Washing your bike?


28 replies to this topic
  • byggd

Posted March 06, 2008 - 02:30 PM

#21

leaf blower dry(a must)

A couple of speed runs down the street works better ..... well maybe not better but it's a LOT more fun!

  • jimbo1143

Posted March 11, 2008 - 07:17 PM

#22

Another usefull product that I use to grease all of the pivoting parts is WURTH SIG3000 heavy equipment grease. This has eliminated any problems with high pressure washing in all the pivoting bearings because of the high film strength & also repells water from collecting in all your pivot bearings. You can take a pressure washer directly to this grease & won't blow or run off.I have used this grease on my 98 wr400 since day one I bought new & every pivot bearing,bushing,wheel bearing,steering head bearings are still all original & tight. Just make sure you use some type of disposable doubled latex gloves or you'll have A hell of A time getting this stuff off!!! It's film strength is that good.

  • dirtysouth

Posted March 11, 2008 - 07:57 PM

#23

There is also a hole on the side of the head that goes into the spark plug well that I like to plug up when washing. I use an old chopped off golf tee to keep the water out of there.


Careful here dude...I am almost positive that the hole that farkawi is refering to is one that is designed to drain water from the plugs recessed position. If you do stop it up be sure that you remove it and/or don't break a golf tee off in there...:thumbsup: BTW simple green and the hose pipe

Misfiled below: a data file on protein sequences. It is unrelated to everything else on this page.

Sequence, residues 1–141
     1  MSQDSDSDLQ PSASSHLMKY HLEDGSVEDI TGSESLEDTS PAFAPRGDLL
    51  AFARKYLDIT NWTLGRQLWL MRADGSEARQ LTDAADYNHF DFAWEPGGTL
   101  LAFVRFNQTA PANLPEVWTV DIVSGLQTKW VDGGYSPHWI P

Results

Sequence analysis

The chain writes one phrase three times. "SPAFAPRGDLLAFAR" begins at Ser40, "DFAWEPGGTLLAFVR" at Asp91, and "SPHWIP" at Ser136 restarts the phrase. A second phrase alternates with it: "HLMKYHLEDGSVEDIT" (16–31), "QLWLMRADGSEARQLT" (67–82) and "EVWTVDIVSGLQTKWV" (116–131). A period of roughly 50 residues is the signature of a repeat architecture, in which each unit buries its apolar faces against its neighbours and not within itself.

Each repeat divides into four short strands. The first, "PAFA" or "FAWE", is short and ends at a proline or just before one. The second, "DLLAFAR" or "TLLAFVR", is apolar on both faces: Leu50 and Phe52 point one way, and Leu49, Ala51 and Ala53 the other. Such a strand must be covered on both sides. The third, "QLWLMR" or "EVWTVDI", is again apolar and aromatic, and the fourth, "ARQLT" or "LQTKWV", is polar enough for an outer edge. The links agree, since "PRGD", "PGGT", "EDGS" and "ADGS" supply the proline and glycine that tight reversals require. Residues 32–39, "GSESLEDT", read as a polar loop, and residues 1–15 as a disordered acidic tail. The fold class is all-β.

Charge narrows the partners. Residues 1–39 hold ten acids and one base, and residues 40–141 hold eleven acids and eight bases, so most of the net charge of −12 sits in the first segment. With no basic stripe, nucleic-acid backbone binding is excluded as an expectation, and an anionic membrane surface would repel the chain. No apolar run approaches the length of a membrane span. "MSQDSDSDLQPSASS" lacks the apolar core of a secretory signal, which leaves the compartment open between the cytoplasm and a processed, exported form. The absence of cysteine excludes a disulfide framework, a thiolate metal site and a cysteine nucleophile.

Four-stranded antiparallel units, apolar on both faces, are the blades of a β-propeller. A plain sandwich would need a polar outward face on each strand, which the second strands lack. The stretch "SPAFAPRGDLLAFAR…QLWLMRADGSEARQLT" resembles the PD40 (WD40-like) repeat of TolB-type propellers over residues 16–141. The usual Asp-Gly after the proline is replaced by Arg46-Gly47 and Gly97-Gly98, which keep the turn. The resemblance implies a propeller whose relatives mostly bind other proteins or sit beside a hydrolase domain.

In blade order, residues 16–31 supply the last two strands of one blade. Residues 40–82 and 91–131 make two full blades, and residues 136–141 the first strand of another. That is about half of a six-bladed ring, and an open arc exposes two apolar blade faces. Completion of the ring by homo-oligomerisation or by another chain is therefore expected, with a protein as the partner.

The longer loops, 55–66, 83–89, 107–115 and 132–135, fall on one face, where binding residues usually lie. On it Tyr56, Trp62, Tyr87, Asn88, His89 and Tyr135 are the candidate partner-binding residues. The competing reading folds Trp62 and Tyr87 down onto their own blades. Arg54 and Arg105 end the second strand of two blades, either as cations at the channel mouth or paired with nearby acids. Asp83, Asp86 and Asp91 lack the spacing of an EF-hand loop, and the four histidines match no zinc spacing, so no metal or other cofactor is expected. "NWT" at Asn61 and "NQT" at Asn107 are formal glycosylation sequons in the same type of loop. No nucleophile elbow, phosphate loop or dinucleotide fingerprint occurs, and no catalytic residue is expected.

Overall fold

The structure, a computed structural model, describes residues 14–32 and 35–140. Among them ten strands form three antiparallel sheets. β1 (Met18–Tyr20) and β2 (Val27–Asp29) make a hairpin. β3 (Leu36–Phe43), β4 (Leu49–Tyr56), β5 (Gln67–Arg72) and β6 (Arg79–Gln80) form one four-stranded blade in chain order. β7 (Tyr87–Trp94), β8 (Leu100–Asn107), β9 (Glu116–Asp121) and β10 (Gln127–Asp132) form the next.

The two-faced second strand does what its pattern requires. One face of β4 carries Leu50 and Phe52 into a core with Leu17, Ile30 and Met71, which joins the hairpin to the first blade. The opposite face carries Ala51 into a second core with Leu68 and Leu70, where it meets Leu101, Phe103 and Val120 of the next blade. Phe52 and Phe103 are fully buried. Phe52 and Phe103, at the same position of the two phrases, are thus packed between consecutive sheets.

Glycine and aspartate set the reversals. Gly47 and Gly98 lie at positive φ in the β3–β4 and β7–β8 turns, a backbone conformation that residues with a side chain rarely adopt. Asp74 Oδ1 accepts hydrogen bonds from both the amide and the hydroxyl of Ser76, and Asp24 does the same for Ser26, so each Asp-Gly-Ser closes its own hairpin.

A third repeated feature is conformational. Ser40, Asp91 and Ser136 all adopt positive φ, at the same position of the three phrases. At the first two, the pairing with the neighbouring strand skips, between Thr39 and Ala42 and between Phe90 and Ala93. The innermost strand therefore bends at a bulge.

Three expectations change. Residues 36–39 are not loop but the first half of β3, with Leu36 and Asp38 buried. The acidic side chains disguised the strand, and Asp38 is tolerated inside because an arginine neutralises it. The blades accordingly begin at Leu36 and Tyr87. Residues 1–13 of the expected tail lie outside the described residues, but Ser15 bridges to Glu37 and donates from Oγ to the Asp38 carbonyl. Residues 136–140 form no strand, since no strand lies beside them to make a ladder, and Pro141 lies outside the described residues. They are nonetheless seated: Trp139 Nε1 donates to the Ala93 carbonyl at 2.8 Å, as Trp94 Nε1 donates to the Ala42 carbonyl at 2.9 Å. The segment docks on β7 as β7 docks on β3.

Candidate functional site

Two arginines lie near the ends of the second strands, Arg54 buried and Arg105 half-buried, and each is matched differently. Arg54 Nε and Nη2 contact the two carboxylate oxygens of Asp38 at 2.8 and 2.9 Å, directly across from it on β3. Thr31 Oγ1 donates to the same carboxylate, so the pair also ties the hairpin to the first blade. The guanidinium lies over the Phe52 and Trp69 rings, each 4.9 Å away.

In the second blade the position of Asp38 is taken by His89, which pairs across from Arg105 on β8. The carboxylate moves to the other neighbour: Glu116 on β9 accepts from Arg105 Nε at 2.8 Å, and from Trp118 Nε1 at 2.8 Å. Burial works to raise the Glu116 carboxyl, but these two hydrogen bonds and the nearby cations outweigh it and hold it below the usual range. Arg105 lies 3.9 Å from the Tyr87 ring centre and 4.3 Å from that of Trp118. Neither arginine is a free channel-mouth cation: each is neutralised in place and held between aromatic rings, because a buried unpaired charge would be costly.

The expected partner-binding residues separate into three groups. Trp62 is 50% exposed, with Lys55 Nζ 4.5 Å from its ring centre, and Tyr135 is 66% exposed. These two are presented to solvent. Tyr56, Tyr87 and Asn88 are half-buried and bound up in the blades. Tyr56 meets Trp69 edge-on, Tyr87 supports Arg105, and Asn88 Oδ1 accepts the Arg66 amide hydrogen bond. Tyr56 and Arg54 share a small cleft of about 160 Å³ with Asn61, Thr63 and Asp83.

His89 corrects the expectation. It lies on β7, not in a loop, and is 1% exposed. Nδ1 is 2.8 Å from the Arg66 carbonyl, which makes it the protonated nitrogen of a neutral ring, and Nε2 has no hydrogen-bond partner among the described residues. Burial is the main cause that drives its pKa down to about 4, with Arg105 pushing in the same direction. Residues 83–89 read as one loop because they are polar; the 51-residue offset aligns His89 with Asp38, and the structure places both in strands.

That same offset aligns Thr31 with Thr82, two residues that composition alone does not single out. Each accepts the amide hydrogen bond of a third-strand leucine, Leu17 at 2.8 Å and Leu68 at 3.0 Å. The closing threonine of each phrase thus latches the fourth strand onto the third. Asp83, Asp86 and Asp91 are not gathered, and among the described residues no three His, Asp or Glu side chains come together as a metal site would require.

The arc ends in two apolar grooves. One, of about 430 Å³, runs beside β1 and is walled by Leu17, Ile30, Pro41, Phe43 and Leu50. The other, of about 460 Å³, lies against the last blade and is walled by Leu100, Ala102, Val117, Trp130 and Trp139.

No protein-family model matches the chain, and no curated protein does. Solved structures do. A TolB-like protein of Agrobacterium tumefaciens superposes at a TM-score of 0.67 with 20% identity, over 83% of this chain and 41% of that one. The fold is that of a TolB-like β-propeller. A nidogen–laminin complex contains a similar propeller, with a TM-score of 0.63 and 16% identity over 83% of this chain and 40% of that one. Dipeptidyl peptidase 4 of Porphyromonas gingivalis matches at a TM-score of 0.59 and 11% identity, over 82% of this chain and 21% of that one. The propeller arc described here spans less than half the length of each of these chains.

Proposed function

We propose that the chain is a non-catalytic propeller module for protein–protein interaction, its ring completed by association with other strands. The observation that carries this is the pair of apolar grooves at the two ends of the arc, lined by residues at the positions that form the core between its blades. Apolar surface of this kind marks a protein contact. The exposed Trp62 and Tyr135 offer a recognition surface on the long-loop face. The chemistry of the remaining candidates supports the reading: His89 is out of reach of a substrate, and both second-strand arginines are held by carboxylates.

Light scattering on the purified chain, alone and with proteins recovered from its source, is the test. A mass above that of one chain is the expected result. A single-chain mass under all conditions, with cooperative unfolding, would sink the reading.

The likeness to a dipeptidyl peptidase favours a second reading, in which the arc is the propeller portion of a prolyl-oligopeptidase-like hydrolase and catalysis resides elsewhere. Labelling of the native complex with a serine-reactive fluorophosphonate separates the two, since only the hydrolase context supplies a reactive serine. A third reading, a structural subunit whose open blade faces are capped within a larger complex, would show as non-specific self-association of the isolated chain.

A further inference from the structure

• dugabrams

Posted March 12, 2008 - 07:00 AM

#24

The golf tee works perfectly on Yamahas. Snug but not too tight.

I am in the market for a pressure washer and have a question. I have seen them with ratings from around 500-40,000 psi. What psi is ideal for cleaning bikes and how much is too much.

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  • ww44wrf450f

Posted March 12, 2008 - 07:19 AM

#25

I like using 'Charlie's Soap" I buy it in the gallon jug and then I delute it to 20/1 in a spray bottle and its biodegradable. First I hose or PW very carefully to get the bike stuff off, and then spray away let sit for no longer than 2min. do not let it dry, hose off and for the places that are still dirty I mix some in a wash bucket-spounge,tooth brush, bottle brush etc. It's a pretty versatile product around the home too! some mecanics use this in there parts washer?

  • KAS

Posted March 12, 2008 - 08:33 AM

#26

The golf tee works perfectly on Yamahas. Snug but not too tight.

I am in the market for a pressure washer and have a question. I have seen them with ratings from around 500-40,000 psi. What psi is ideal for cleaning bikes and how much is too much.


The cheap little electric one I have is like 1100psi. It works fine.

  • byggd

Posted March 12, 2008 - 10:52 AM

#27

The golf tee works perfectly on Yamahas. Snug but not too tight.

I am in the market for a pressure washer and have a question. I have seen them with ratings from around 500-40,000 psi. What psi is ideal for cleaning bikes and how much is too much.

I bought the highest pressure 110 electric one I could find so it can be used for other clean-ups. It was at home depot and I think 1750 psi.

  • doctorchopper

Posted March 12, 2008 - 10:52 AM

#28

pressure rating isn't really the big issue, its the flow of water that you should be concerned with, more flow the pump puts out the better it will wash, you don't want too high of pressure as it will peel your graphics off, a variable pressure is the best

  • byggd

Posted March 12, 2008 - 11:01 AM

#29

pressure rating isn't really the big issue, its the flow of water that you should be concerned with, more flow the pump puts out the better it will wash, you don't want too high of pressure as it will peel your graphics off, a variable pressure is the best

That’s true. Plus I think it only achieves the rated pressure when set to a pin-point spray. The one I have is adjustable and can also dispense soap.




 
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